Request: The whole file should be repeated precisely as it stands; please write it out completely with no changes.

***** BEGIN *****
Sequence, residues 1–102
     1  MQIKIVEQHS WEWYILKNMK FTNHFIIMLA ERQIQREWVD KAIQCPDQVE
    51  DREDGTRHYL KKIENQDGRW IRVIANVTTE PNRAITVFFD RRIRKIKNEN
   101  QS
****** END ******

Sequence, residues 1–102
     1  MQIKIVEQHS WEWYILKNMK FTNHFIIMLA ERQIQREWVD KAIQCPDQVE
    51  DREDGTRHYL KKIENQDGRW IRVIANVTTE PNRAITVFFD RRIRKIKNEN
   101  QS